Bread of the forest at Les Creations de Narisawa
In 2003 popular Prime Minister Junichiro Koizumi was in office, and the economy was rebounding (slightly) from the stock crash of the early ’90s.
That was the year that chef Yoshihiro Narisawa, fresh from Switzerland, France, and Italy, returned to open Les Créations de Narisawa in Minami-Aoyama. France had always been a polestar for Japanese chefs and eaters, but it took Narisawa—who left Japan at 19 to train with chefs Paul Bocuse and Joël Robuchon—to assimilate how modern French cooking was evolving. He returned to Tokyo not to serve French cuisine, but to serve French-inspired Japanese cuisine.
The Bread of the Forest—bread that is prepared, fermented, and baked at the table—is a classic Narisawa dish. Instead of the gilded, gourmet approach of the precrash bubble, it’s luxury as modernism, as seasonality, as sustainability.
What-a-Melon at Dominique Ansel Bakery Japan
It’s no surprise that Dominique Ansel, inventor of the Cronut—the pastry that went viral—headed to Tokyo to open his first international location. Tokyo has a sweet tooth, and fanatic queuing for food was a civic pastime even before the rise of social media: crêpes out of street carts in Harajuku, cakes and macarons from Paris, fluffy pancakes from Hawaii, bubble tea from Taiwan, juices and açai bowls from Los Angeles. It was only a matter of time before Tokyo met the incredibly photogenic sweets from New York City.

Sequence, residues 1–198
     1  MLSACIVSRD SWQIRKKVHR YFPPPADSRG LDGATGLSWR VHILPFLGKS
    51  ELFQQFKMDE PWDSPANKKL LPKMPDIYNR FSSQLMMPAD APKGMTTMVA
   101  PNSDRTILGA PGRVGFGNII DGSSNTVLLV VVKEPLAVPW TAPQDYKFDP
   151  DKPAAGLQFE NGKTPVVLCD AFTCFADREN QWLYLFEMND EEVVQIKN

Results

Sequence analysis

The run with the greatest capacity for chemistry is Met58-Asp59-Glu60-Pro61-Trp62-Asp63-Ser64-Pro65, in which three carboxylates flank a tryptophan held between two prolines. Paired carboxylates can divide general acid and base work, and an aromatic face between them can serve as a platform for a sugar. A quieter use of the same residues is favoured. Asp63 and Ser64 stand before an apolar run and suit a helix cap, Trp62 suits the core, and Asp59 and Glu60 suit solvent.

The French pastry chef shows that he gets Tokyo. He gets what kawaii looks like in this specific context (a trendy New York bakery in Omotesandō) and moment in time (now). He gets how important craft, design, and seasonality is to the Japanese and that subtle cultural cues bring the product closer to the heart. Most important, he presents his creations as singular self-contained visuals. The pastries have short, catchy names. Ansel understands that food, like fashion, can be hyped with limited-edition quantities and limited-time offers and deliveries that drop on certain dates. Ansel also gets what Tokyo can do for him. Unlike food blogs or tweets, where language is a barrier with the world, visual platforms such as Instagram enable Tokyo to claim its position and status as global trendsetter for food. More and more, social media dictates food trends in Tokyo, and trends that go viral from Tokyo have global influence.
This proved true for What-a-Melon Soft Serve, launched to celebrate the Tokyo shop’s second anniversary in 2017. It was the perfect summer dish: a slice of watermelon filled with Ansel’s watermelon soft serve. Cartoonish chocolate seeds stuck to the outside of the actual fruit for that additional kawaii factor, and each serving came with a tiny retro container of sea salt to sprinkle on top.
Ansel’s partner, Amy Ma, says that going viral is “not important at all. Chefs that have a goal to ‘go viral’ are starting off with the wrong approach. It needs to be a good product—taste delicious, look nice, and have a point of view. If it is, it’ll take care of itself.”
Luckily for the team, What-a-Melon was so popular on social media that Ansel decided to bring the dish to New York for Fourth of July weekend only. Globalization is here, and I hope it stays sweet.
Originally published on Roads & Kingdoms on January 7, 2018.